Countering insider threats is often tricky since the malicious personnel usually have authorized access to various vital systems. One solution to counter an insider threat is to continuously monitor network access for any unusual activity.

Malware

Malware is short for malicious software and refers to programs that exploit your device. Typically, cybercriminals will embed the malware on a malicious link. Then, they’ll ask you to click on it to download a file.

After doing this, the malware infiltrates your system. It can then block access to specific files, alter or transfer sensitive data to an off-site device, or even derail your system’s functionality. Types of malware include ransomware, trojan horses, and spyware.

Phishing

One of the most common attack vectors for cybercriminals is the use of malicious emails, text messages, or calls. This social engineering attack, known as phishing, is fully designed to deceive unsuspecting individuals into giving up sensitive data, including login credentials and credit card information. 

In phishing, the cybercriminal will typically pose as a genuine organization, seeking ways to help you solve a significant issue. In the process, they’ll ask you to provide certain sensitive data. Cybercriminals typically carry out a more specific and direct form of phishing, known as spear-phishing, after acquiring enough personal information about the target.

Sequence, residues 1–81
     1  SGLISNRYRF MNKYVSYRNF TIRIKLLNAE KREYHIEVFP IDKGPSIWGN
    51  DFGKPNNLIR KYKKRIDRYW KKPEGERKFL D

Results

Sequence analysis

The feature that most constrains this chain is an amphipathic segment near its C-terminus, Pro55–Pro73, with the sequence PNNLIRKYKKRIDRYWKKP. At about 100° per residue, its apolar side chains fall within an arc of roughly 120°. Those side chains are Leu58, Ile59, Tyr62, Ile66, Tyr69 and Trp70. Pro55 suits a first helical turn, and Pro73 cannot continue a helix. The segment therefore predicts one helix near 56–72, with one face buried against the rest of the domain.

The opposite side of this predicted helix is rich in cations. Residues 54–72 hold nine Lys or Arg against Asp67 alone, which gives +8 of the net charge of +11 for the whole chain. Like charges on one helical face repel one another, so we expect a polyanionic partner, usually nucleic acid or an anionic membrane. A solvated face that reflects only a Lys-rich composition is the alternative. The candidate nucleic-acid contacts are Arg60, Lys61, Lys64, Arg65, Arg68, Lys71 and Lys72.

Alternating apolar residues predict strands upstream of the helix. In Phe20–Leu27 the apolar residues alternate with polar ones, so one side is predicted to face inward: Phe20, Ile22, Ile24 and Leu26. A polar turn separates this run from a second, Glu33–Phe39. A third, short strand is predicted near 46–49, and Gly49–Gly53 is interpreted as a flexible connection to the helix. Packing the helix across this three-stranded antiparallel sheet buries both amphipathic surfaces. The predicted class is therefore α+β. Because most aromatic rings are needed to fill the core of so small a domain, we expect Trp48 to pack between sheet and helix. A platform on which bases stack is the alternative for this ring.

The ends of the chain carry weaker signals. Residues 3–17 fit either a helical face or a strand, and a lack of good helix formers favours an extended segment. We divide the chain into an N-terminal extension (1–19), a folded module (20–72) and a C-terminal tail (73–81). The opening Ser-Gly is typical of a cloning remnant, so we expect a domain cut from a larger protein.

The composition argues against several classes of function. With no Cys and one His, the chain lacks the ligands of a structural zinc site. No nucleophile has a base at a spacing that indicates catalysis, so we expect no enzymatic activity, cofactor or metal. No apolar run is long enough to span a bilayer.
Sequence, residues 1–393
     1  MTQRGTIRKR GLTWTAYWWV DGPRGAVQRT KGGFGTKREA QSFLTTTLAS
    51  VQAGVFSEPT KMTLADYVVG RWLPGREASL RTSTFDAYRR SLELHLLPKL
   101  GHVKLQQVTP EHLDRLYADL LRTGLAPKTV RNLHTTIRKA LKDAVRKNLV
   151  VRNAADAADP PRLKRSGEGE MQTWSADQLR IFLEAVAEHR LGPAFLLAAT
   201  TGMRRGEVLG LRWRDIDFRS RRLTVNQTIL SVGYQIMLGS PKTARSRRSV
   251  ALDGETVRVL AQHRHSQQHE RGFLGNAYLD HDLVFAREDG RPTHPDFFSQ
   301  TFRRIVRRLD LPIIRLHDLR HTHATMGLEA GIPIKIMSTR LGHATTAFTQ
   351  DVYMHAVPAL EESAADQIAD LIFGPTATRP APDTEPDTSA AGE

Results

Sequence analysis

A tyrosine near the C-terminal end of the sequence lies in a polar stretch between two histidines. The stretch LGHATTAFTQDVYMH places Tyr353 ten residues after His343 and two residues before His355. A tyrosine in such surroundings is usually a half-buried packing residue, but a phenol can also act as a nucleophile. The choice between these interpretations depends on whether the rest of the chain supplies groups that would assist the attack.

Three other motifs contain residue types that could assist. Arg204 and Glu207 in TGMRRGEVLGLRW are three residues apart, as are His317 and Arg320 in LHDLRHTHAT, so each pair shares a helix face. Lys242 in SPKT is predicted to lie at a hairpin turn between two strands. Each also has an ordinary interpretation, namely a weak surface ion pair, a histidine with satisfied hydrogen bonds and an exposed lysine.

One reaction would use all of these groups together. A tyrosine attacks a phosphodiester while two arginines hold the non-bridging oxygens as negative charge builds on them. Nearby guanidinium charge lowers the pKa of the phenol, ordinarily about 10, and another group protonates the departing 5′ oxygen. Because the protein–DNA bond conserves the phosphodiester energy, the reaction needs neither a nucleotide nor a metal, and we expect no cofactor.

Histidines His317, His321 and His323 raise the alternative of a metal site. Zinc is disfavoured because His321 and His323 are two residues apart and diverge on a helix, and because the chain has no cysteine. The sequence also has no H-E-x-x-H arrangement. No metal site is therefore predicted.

Unpatched Applications or Servers (Zero-Day Attack)

Another type of attack that happens is a zero-day attack. This occurs when cybercriminals find and exploit a vulnerability in a system before the IT security team is even aware of it. These vulnerabilities often come from unpatched software or servers. 

Those are the most common types of attack vectors. Now, I’ll discuss how you can defend against them!

How You Can Defend Yourself against Attack Vectors

Protecting your devices against cybercriminals entails understanding the common cyber attack vectors. After that, you’ll know what countermeasures you can use against them. Below, I’ll explain some of these countermeasures: 

  1. Adopt strong password policies, ensuring that usernames and passwords are the right mixes of length and randomization. Also, make sure your users don’t use the same credentials for different applications and systems. 
  2. Confirm that you have cybersecurity software that monitors, identifies, alerts, and locks down vulnerable attack points. I’ll discuss some of these software solutions later on in the article!
  3. Use strong data encryption on devices containing sensitive information. AES and other advanced data encryption technologies are conveniently available for your use, so take advantage of them!